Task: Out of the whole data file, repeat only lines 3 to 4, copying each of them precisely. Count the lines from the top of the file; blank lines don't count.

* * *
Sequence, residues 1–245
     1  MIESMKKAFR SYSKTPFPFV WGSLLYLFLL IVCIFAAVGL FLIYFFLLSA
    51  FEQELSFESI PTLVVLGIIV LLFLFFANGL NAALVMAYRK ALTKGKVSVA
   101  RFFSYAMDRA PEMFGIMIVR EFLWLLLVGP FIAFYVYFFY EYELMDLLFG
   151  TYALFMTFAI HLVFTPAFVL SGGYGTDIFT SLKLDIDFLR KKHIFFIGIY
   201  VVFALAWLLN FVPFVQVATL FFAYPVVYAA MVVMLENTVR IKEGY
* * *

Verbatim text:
    51  FEQELSFESI PTLVVLGIIV LLFLFFANGL NAALVMAYRK ALTKGKVSVA
   101  RFFSYAMDRA PEMFGIMIVR EFLWLLLVGP FIAFYVYFFY EYELMDLLFG